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Land use: Medium density area gets high density project

By Charles Swenson
Coastal Observer

A plan for a high density development was approved last week for an area near Pawleys Creek that Georgetown County has designated for medium density growth. Although the land-use plan was changed to reduce density several years ago, the zoning did not change and the project meets the requirements, according to Boyd Johnson, the county planning director.

The plan to turn seven lots into 15 lots got approval from the Georgetown County Planning Commission over the objections of one neighbor. Dale Gordon, who lives across the street from the proposed development on Blockade Drive called it “a preview of coming attractions.”

Brothers Chase and Browder McGill asked the county to approve the new lots for Pawleys Sunset, a single-family subdivision on 2.8 acres. The request was deferred by the commission last month so the McGills could meet with neighbors to explain the project.

The 15 lots will meet the county’s minimum area requirement of 6,000 square feet in the “general residential” zoning district. A street shown on current county maps that was never developed will be abandoned and a new street will built to connect the lots with Blockade Drive and Minnow Drive.

A chief concern of neighbors was drainage in the area. Since the August commission meeting, Georgetown County has cleared a ditch between the project site and neighboring properties. “Every one of them said they were so happy to see the county out there cleaning out the ditches,” said Jim Green, the engineer for the project who met with the neighbors.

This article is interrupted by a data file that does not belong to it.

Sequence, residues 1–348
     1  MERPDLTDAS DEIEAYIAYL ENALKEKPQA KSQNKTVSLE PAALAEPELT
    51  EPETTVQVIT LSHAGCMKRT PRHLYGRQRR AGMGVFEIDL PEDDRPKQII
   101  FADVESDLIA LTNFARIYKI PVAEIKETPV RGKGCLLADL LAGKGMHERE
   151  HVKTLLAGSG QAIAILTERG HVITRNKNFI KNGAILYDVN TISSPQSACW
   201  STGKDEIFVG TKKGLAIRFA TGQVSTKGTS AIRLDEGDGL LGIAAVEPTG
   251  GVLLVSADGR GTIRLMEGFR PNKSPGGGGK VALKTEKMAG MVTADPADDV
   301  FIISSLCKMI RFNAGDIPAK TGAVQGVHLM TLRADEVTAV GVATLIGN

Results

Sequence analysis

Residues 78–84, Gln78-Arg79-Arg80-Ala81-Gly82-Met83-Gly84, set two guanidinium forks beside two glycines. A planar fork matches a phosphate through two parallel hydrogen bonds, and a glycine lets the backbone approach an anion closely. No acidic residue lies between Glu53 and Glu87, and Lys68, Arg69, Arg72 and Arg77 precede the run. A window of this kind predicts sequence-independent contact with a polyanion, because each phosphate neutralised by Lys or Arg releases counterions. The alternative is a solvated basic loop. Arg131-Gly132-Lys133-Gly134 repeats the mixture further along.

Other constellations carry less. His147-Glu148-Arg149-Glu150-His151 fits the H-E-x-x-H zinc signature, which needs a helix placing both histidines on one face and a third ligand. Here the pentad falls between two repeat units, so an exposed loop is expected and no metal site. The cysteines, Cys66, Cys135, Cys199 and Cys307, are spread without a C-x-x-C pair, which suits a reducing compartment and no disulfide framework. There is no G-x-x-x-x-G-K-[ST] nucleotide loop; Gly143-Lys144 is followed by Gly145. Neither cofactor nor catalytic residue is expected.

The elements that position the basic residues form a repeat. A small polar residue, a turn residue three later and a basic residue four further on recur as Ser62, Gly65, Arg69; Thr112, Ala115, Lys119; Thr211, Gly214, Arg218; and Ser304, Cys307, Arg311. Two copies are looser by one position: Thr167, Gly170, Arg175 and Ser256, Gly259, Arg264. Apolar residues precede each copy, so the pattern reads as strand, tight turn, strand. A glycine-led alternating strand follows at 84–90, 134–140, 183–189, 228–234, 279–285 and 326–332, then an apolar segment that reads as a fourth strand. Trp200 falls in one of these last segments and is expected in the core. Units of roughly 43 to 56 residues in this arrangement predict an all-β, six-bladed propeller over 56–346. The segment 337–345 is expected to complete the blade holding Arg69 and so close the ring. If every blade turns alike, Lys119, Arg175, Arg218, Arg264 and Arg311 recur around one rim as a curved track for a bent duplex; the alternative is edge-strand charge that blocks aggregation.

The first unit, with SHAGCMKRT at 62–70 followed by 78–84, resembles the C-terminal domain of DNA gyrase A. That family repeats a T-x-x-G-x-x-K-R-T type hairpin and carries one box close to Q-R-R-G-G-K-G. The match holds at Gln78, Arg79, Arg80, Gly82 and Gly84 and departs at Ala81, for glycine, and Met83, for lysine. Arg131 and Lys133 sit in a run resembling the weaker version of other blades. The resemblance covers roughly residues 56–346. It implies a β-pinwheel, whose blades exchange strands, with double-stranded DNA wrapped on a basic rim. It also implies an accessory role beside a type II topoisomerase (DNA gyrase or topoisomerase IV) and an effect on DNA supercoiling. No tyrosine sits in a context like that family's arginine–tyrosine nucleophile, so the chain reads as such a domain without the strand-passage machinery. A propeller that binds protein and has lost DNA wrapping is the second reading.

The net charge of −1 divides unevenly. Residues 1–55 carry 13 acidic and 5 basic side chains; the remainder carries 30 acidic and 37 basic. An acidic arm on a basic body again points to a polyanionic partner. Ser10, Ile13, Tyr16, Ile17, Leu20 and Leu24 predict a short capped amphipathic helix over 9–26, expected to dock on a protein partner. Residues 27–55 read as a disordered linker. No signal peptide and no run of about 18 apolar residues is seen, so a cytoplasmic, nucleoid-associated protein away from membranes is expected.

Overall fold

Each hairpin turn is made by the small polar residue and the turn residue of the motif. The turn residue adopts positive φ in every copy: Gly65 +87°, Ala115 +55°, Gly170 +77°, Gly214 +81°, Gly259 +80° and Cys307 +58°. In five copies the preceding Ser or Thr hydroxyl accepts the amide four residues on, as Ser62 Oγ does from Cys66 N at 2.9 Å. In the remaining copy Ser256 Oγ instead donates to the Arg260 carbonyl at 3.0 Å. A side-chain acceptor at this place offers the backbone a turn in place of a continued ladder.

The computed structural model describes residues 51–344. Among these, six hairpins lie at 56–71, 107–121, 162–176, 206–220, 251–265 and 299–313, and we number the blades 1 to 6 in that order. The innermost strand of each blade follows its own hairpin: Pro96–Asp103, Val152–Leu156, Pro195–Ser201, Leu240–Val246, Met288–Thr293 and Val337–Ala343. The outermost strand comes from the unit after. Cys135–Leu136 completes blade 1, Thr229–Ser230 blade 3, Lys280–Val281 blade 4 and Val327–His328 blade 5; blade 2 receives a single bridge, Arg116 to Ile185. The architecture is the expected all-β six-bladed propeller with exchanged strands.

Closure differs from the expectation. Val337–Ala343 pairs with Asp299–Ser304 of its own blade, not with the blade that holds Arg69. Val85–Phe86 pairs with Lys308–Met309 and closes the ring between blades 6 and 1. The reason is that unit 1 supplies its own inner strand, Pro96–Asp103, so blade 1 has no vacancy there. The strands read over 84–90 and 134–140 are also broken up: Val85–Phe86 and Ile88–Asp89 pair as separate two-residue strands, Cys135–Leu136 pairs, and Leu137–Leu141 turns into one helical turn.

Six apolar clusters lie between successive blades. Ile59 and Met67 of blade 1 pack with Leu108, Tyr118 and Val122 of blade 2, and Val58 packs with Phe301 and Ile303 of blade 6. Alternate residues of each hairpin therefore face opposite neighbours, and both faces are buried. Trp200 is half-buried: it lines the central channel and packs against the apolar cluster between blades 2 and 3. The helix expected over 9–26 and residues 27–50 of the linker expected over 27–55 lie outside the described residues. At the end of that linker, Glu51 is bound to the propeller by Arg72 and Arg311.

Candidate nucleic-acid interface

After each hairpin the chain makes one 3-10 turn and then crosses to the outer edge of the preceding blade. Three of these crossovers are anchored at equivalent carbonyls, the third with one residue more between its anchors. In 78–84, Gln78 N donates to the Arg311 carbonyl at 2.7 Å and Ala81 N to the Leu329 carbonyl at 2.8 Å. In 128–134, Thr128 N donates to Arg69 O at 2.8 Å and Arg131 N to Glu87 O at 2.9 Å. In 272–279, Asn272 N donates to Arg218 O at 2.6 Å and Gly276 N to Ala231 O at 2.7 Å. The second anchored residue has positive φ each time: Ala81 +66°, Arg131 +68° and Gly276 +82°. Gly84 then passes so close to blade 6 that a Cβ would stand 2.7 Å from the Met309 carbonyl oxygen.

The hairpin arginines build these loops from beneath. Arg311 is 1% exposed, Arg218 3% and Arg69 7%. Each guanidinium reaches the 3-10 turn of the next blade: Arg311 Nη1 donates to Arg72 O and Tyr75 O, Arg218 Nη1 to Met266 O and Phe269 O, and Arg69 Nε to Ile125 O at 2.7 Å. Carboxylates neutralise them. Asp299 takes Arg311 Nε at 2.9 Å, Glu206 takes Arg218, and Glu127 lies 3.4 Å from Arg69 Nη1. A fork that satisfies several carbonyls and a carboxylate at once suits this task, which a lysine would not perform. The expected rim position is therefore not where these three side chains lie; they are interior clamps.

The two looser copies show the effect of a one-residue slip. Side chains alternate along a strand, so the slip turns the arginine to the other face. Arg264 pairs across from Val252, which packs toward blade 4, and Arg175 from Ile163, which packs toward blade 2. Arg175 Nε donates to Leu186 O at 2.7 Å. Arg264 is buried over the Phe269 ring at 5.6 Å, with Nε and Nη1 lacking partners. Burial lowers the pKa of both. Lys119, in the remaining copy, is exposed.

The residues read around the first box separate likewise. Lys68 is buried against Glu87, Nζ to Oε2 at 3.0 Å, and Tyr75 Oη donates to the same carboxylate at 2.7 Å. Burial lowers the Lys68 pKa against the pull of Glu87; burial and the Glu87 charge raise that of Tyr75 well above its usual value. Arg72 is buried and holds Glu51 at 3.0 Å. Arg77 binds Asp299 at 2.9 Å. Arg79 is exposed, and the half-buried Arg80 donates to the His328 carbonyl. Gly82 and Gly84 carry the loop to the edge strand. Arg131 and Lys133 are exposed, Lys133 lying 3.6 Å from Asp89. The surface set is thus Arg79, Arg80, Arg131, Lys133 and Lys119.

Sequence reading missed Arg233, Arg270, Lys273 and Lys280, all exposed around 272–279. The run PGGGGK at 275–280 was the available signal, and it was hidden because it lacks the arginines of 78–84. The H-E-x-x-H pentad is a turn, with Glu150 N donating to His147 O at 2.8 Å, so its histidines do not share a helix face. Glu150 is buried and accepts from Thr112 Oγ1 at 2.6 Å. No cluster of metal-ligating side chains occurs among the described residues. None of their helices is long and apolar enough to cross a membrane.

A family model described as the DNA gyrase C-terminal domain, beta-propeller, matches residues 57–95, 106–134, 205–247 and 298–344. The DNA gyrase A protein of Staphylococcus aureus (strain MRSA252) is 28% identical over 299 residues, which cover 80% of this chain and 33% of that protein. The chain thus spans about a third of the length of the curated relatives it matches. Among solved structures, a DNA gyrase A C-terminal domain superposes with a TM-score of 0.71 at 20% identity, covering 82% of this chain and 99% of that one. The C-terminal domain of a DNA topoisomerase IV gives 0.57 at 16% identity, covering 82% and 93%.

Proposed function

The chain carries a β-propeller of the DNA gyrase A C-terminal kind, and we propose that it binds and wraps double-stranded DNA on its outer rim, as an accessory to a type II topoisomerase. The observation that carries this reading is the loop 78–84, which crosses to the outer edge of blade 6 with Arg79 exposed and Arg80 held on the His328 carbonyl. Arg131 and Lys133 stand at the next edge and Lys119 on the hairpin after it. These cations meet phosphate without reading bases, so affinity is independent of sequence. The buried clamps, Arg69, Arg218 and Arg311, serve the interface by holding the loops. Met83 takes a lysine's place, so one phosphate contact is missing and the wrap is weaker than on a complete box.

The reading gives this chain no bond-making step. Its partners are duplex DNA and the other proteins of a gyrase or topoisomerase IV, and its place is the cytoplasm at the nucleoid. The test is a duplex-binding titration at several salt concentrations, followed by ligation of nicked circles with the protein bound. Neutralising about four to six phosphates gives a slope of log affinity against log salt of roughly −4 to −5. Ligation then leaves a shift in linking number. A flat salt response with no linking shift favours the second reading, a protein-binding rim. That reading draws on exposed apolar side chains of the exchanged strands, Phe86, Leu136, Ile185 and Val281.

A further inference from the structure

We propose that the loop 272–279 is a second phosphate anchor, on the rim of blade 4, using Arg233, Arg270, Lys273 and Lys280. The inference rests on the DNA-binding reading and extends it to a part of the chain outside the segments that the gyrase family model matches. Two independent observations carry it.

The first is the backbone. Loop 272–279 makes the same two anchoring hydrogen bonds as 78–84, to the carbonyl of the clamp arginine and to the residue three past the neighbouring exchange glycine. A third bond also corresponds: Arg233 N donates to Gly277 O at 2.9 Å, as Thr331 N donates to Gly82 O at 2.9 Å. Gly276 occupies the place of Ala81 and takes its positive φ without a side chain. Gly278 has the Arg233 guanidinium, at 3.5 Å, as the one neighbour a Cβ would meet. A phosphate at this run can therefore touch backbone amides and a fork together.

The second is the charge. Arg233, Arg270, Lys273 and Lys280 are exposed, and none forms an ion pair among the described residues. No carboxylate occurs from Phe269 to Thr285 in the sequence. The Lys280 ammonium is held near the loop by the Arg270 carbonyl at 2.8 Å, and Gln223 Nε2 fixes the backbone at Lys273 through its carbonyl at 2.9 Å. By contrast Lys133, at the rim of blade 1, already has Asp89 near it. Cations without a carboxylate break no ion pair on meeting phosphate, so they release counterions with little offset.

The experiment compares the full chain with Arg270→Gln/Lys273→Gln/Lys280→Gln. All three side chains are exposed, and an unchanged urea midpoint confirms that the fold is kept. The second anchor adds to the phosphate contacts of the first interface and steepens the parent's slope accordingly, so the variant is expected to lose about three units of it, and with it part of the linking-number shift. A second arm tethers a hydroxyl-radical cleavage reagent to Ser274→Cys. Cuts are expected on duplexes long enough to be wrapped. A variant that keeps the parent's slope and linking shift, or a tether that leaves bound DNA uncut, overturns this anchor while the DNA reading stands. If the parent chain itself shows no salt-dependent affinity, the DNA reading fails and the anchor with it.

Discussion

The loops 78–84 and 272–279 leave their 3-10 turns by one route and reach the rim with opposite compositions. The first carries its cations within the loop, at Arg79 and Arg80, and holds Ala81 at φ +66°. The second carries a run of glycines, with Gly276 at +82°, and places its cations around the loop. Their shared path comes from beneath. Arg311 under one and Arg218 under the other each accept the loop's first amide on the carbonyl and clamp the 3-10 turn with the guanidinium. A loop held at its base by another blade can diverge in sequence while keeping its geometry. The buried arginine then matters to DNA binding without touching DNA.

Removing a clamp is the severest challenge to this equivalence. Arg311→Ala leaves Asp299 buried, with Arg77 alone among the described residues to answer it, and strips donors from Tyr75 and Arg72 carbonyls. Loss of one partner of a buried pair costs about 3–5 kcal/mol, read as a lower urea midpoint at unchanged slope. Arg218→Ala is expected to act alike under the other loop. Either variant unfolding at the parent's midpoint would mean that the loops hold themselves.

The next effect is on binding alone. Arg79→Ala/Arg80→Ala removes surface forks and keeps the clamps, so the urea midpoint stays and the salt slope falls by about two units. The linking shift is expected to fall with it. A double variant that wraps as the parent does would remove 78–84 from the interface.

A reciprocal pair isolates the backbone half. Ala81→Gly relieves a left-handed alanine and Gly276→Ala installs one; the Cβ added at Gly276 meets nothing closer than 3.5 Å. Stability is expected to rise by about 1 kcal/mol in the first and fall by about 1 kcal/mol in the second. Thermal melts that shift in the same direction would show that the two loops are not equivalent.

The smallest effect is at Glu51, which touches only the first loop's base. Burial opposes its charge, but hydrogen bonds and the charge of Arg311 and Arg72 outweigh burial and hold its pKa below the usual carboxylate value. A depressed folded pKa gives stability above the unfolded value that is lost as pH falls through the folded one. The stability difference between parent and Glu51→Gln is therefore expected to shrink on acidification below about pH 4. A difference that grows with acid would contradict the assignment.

They also raised concerns about traffic and maintenance of the open areas. The houses will have access to the South Causeway from Blockade and Minnow; a homeowners association will kept the common areas mowed. “Everybody left with a smile on their face,” Green said, adding that since the meeting room seats were mostly empty, “I think we satisfied their concerns.”

Gordon, who lives across Blockade Drive from the project, told the commission neighbors are still opposed. “I don’t know why they aren’t here,” he said. (One of them, Louis Hipp, came in after the commission voted to approve the project.)

“This is what I call the raping of Pawleys Island,” Gordon said. “All this is is greed.”

He has lived on the street 38 years. Instead of the prospect of three houses across the street, he’s now looking at 15. Along with vehicles there will be golf carts, boats and dogs. “It’s too much for what is there,” Gordon said. “I would ask if there’s anyone in here who would like that in front of their house?”

He also predicted there would be similar developments along Blockade Drive where there are other vacant tracts.

The future land-use plan, the blueprint for zoning, calls for medium density in the area, which is less than the five units per acre in the Pawleys Sunset project. Medium density also has a minimum lot size of 10,000 square feet. But that would only be required if a property owner asked for a zoning change, Johnson explained after the meeting. “It wouldn’t apply in this case because it’s a subdivision that meets current zoning,” he said.

And unlike a zoning change, which requires approval of County Council, the subdivision plan only requires commission approval. “This meets all of the criteria,” commission member Johnny Weaver said. He made the motion to approve Pawleys Sunset.

The vote was 4-0 with commission member Freddie Hill the last to raise his hand. “I understand your frustration,” he told Gordon. “We don’t make the rules, but we have to follow them.” In the case of Pawleys Sunset, “everything’s done exactly like it’s supposed to be,” Hill said.

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